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This is the typical response I expect in a thread like this. I don't expect progressives on a U2 site to take me seriously unless I stop being conservative.
Hardly. If you didn't use anecdotal stories as evidence, and infer that your experience in college must be the typical experience in any higher education institution, I'd be able to take you much more seriously.
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Old 09-08-2010, 11:56 AM   #59
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This is the typical response I expect in a thread like this. I don't expect progressives on a U2 site to take me seriously unless I stop being conservative.
Just so you know, as a progressive I take a lot of my conservative friends seriously and I've never once asked them to stop believing in what they believe. Divergent opinions and the right to hold and express them is what makes free societies like Canada and the United States - as opposed to the former Soviet Union - so great.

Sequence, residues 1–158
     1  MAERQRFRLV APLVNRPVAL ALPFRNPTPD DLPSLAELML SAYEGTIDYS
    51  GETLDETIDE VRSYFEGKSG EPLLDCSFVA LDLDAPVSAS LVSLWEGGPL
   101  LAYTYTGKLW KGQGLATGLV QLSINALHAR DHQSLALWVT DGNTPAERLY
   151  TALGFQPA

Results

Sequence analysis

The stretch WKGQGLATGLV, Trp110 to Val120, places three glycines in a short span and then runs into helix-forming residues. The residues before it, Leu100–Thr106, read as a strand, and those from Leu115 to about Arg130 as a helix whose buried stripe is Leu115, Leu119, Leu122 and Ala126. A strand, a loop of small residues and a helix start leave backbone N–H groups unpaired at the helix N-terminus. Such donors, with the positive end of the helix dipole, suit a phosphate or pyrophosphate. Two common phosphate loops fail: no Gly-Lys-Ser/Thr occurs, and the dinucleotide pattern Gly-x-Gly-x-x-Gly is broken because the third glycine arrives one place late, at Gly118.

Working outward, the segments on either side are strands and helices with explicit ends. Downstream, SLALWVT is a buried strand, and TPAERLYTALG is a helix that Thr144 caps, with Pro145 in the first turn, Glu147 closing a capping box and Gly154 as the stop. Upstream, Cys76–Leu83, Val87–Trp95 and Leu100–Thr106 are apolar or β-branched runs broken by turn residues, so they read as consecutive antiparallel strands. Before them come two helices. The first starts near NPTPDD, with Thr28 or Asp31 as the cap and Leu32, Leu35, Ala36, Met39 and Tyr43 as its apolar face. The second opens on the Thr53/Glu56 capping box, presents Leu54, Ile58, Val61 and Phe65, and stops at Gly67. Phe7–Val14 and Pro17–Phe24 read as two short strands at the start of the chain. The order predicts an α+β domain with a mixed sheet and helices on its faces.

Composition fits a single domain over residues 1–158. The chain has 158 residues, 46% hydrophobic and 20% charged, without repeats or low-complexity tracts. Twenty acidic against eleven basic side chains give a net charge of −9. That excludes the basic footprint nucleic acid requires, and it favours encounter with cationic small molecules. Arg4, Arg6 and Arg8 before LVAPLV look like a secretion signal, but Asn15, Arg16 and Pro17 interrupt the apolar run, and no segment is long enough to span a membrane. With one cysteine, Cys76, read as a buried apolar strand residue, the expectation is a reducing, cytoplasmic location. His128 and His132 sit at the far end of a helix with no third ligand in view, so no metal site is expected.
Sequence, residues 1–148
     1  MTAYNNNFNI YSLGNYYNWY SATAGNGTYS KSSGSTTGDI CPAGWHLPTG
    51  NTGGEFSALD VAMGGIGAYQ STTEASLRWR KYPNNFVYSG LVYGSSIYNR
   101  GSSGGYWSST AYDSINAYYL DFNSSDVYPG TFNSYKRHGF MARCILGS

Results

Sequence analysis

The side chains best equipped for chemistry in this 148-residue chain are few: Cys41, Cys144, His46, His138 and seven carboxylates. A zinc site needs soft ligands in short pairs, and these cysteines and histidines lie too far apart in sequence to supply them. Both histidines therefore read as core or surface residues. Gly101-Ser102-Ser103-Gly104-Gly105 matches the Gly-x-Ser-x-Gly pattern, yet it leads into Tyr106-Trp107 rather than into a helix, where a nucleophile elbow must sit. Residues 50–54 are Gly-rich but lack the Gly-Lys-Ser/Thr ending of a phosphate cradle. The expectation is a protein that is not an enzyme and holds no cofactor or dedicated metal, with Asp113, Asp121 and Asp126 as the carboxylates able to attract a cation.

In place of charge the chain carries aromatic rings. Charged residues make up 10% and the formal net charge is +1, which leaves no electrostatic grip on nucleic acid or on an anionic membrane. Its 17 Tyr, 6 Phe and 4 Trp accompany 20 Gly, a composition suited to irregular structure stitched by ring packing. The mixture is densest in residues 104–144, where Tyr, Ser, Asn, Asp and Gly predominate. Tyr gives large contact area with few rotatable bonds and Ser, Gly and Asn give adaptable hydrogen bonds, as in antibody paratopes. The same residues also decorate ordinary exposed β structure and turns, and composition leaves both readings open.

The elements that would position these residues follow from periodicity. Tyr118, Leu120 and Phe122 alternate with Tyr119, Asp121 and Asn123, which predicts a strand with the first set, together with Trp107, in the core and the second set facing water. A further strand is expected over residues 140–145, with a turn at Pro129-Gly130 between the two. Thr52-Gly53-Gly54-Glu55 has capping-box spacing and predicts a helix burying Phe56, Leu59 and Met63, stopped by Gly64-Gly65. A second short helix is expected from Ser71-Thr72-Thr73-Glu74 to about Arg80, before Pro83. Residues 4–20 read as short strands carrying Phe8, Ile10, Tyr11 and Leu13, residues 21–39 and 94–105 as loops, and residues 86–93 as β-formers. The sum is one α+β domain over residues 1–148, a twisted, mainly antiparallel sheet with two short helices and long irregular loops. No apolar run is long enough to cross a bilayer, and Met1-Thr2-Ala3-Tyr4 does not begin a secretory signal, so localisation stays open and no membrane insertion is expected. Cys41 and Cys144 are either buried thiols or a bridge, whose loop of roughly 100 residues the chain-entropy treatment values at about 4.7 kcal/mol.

No. Actually I don't take YOU seriously for the reasons mentioned by Diemen above.
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Old 09-08-2010, 12:30 PM   #60
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Except we don't know yet how well it will work. These things are going to take time to reveal themselves. What if his ideas do work? And as for going against a mandate, well, again, name a politician that hasn't done that at some point. Doesn't automatically make him far-left.